Book Haul: July 2017

DSCF1453I’ve been extremely good this month and I haven’t bought a single book. On the other hand, I have been sent seven books by publishers, so perhaps the scales even out a bit! Either way, I’m equally happy with the restraint I’ve shown towards my bank balance and the books I’ve still acquired. I’ve already managed to read about half of these and I’m looking forward to getting around to the rest. So, without further ado, here are the books!

One of the first things to arrive in the post this month was Gather the Daughters by Jennie Melamed. I’ve already read this book (you can see my review here) and thought it was an excellent novel, made all the more impressive because it’s actually the authors debut. It’s dark and disturbing yet gripping all the while. As you can see, the book has been beautifully published by Tinder Press. For more information, the author’s website has some brilliant reviews to ponder over: www.jenniemelamed.com

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Gather the Daughters was quickly followed by a book kindly sent over by the team at Quercus. Elly Griffiths is a seasoned author, with this being the ninth novel in the Dr Ruth Galloway Mystery series. I’d never read anything by this author before but I did not feel that this hindered the reading experience at all. It was a quick, enjoyable read and is a series that I would like to continue with . . . as well as reading the back catalogue! My review can be found here.

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The final book which I was sent this month and have already gotten round to reading was Benjamin Percy’s The Dark Net. Percy was an entirely new author to me, and I am really glad I got the chance to discover his work. It’s a mixture of technological horror/thriller with strong foundations in fantasy. The writing was excellent and really portrayed the author’s skill. I can certainly see why he has been likened to Stephen King! The book is due to be published shortly by Hodder on the 3rd August in the UK.

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I requested the next book based purely on the tagline of the novel: ‘She can’t remember why she’s afraid of her husband’. As the eerie words suggest, this is a physiological drama which follows a mother and wife who suffers amnesia after a fall, leaving her with no memories of the last twelve months. Published by Headline, the book has already been optioned for TV by a prominent figure in Hollywood, so is definitely one to look out for in the future.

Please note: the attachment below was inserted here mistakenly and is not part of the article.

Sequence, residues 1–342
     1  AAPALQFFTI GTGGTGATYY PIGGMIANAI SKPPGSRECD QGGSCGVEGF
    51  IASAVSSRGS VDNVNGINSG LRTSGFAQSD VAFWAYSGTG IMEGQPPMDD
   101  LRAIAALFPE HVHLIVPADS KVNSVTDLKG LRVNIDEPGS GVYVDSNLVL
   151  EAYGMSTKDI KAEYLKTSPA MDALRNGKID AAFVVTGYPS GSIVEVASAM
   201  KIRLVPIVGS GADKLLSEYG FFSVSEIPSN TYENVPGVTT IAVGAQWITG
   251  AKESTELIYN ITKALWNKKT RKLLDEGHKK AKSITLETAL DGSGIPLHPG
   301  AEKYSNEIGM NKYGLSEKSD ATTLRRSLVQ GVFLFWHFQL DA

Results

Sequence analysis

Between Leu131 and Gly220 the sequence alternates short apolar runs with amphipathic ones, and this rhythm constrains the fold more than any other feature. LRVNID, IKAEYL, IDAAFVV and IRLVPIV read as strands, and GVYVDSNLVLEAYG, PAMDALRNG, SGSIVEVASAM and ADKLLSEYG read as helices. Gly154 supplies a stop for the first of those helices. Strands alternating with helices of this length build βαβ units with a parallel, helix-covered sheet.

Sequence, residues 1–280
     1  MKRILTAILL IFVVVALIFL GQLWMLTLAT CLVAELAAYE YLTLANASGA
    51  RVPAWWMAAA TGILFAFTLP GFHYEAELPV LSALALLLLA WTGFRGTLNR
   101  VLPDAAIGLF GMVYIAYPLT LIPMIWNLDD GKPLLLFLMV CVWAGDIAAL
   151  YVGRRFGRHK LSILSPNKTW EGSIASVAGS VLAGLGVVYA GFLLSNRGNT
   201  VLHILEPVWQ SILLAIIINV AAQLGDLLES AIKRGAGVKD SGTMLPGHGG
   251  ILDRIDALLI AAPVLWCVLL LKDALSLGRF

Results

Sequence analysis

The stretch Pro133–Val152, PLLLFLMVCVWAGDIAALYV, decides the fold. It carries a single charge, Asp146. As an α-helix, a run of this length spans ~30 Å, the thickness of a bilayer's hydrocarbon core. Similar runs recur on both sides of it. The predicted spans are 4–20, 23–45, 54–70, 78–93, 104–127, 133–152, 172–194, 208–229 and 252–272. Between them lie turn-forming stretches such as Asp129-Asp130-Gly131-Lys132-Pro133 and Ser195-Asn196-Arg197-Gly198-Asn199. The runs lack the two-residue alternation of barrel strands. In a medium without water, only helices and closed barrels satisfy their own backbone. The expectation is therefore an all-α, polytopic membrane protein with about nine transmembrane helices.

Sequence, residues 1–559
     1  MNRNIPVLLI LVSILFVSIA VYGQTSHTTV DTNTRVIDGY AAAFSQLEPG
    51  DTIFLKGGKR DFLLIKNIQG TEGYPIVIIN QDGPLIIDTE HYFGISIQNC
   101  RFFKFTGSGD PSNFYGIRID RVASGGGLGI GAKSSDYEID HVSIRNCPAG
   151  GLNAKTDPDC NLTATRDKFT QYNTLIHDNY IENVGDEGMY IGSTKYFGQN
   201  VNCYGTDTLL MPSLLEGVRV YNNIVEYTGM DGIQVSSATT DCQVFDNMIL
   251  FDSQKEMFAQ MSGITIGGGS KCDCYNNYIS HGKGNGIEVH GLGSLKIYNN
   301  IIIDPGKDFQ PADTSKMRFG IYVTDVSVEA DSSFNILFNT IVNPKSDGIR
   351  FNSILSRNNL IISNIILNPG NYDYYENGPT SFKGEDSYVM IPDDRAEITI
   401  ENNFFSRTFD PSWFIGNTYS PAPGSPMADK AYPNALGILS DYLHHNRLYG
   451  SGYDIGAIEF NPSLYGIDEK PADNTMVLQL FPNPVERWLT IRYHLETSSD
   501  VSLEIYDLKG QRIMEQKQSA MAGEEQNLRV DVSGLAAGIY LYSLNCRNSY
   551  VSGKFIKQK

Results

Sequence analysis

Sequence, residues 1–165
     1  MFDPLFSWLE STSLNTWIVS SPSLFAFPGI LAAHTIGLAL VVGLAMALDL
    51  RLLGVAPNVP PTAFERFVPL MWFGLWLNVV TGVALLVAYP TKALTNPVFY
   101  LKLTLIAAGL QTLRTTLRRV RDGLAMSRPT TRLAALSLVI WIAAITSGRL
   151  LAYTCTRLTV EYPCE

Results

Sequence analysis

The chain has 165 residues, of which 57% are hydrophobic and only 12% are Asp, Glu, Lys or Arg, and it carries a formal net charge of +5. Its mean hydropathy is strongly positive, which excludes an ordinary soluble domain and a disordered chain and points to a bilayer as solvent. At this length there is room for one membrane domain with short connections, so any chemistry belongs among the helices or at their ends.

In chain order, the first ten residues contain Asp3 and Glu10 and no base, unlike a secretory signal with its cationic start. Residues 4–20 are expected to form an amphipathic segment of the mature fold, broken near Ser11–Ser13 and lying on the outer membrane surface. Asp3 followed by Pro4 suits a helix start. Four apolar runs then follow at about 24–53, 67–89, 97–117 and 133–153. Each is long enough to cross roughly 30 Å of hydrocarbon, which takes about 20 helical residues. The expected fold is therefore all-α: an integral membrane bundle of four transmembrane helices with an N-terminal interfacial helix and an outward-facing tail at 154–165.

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The next two books arrived on the same day, although sent by different publishers. Aesthetically, they are without a doubt my favourite books which I have been sent this month. Both are beautifully designed hardbacks with stunning covers, although vastly different in genre. Firstly, we have The Sixteen Trees of The Somme by Lars Mytting, a Norwegian author. I’ve read quite a few books by Scandinavian authors, the most recent being My Grandmother Sends her Regards and Apologies which I absolutely adored! I was thrilled to receive this book in the post, which is described as a family saga spanning from Noway, to the Shetland Islands, and of course, to the battlefields of the Somme in France. I’ve already started reading this and my review will be up shortly.

The other hardback which I was so impressed with was G X Todd’s The Defender. You can’t tell it from the photo but the book has a lovely matte finish which just begs to be read. The premise of the books is that the biggest threat mankind faces is from the voices inside your own head, a terrifying thought which hints at the thrilling nature of the book. The book has also been likened to power houses such as Stephen King and Neil Gaiman, so I’m sure the imagination will be brilliant. This was sent to me by Headline, and is the first book in a four part installment.

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The last book of the month arrived just two days ago and is the only non-fiction book I have acquired this month. The title of the book, A History of Heavy Metal, is pretty explanatory, and as a love of heavy metal and rock music I am really excited by this unique addition to my shelves. The author is Andrew O’Neill, a comedian who has performed the main substance of this book to vast audiences at both Download festival and the Edinburgh Fringe. Flicking through the first pages I can already tell the book is saturated with humour, yet also seems to be a genuine study of how heavy metal has evolved over time. With bands such as Black Sabbath and Metallica, and sub-genres from Thrash Metal, Death Metal and Glam Metal, it is sure to be an insightful read for lovers of this music.

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I think this is a pretty eclectic range of books that I have received this month and I am extremely grateful for each one. I can’t wait to get up the reviews for you all as soon as I can. Have any of you read any of these books yet, or are interested in picking any up?

 

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